Yeast strains were grown on Yeast Extract Peptone Media (YP) consisting of 1% yeast extract, 2% Bacto peptone and either 2% glucose, 2% galactose, or 0.05% glucose. Synthetic complete (SC) or synthetic dropout (SD) media were made according to established protocols [35] with the appropriate amino acid or nitrogen base omitted. Bacto agar at 2% w/v was used for solid media. Antimycin A was added at 1 μg/mL to low glucose (0.05%) media. When needed for selection, G418 was used at 200 μg/ml or Hygromycin B used at 300 μg/mL. Growth on low glucose was assessed by streaking strains to YP 0.05% glucose plus Antimycin A or SD with the necessary dropout to maintain selection for the plasmid plus 0.05% glucose and Antimycin A. Growth was assessed after 3 days of incubation at 30°C.

Construction of overexpression vector for STD1

The complete open reading frame of STD1 was cloned into the p416TEF vector which contains the URA3 selectable marker [36] by using PCR primers that introduced 5’ EcoRI and 3’XhoI flanking sites. The respective sites were then used to clone into the vector and the open reading frame was sequenced from the vector to ensure the fidelity of the amplification and cloning. The resulting vector, pKD-TEF-STD1 contains the complete open reading frame of STD1 preceded by the strong constitutive TEF promoter and flanked by the CYC1 terminator sequence.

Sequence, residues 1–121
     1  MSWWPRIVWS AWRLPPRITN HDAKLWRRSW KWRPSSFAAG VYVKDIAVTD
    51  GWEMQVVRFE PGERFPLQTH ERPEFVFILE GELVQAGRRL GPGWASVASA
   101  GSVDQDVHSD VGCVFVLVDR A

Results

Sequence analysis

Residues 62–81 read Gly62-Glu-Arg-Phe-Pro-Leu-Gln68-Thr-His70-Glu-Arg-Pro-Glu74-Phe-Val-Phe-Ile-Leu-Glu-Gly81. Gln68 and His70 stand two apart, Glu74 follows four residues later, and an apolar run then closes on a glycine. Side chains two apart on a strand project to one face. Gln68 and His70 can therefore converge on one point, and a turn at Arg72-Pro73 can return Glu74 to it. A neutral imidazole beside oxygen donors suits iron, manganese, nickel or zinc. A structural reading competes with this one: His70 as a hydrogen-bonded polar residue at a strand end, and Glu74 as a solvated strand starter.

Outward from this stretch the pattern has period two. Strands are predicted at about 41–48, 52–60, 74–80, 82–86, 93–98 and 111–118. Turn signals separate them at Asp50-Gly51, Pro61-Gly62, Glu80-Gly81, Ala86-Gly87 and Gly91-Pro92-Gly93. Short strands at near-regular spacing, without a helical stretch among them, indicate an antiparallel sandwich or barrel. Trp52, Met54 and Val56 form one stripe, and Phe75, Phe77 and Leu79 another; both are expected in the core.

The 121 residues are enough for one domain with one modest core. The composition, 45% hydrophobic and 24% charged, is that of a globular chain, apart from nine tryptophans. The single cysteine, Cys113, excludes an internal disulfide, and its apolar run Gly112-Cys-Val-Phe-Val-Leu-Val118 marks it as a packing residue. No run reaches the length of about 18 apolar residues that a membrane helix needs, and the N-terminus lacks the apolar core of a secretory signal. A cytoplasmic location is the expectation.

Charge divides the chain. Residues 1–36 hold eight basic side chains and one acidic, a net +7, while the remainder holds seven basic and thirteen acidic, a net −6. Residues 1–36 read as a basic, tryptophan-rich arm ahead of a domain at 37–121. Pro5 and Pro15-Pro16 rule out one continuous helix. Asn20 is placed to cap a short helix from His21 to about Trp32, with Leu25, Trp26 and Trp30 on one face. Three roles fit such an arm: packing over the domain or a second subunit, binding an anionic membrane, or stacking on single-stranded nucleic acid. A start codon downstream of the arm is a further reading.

Fusion constructs

The LacZ reporter fusions to the promoters of HXT2, HXT3, and HXT4 were made in the CEN/ARS vector pRS416 which contains the URA3 selectable marker [37]. The promoter regions spanning at least −950 up to the start codon of HXT2, HXT3 and HXT4 were PCR amplified with 5’ SacI and 3’NotI overhangs and cloned into pRS416 to create pKD-HXT2, pKD-HXT3 and pKD-HXT4. The resulting plasmids were then sequenced to ensure the fidelity of the cloning. The E. coli LacZ gene from the one hybrid reporter vector described in [38] was amplified by PCR with primers that introduced 5’ NotI and 3’ XmaI overhangs and cloned into the respective sites of pKD-HXT2, pKD-HXT3 and pKD-HXT4 to make pKD-HXT2 LacZ, pKD-HXT3 LacZ and pKD-HXT4LacZ. The resulting plasmids contain at least 950 base pairs of the promoter region up to the start codon and are in frame with the E. coli LacZ gene. All plasmids were transformed into the respective yeast strains as described in [34].

Reintroduction of HXT2 on a plasmid

A plasmid carrying a copy of HXT2 from YPH500 was constructed in the CEN/ARS vector pRS316, which contains the URA3 yeast selectable marker [37]. The HXT2 gene, along with 562bp of the upstream region, was PCR amplified using HiFi Taq (Invitrogen #11304-011) with primers containing 5’ XhoI (5’-CTCGAGTTTCCGTGAAATAGATTC-3’) and 3’ XbaI (5’-TCTAGATATTAGTAGCCATTAGCC-3’) overhangs. The resulting PCR product was cloned into the MCS of pRS316. The plasmid, now carrying a functional copy of HXT2 under its native promoter, was transformed into previously hxt2 null strains [34].

Low glucose growth curves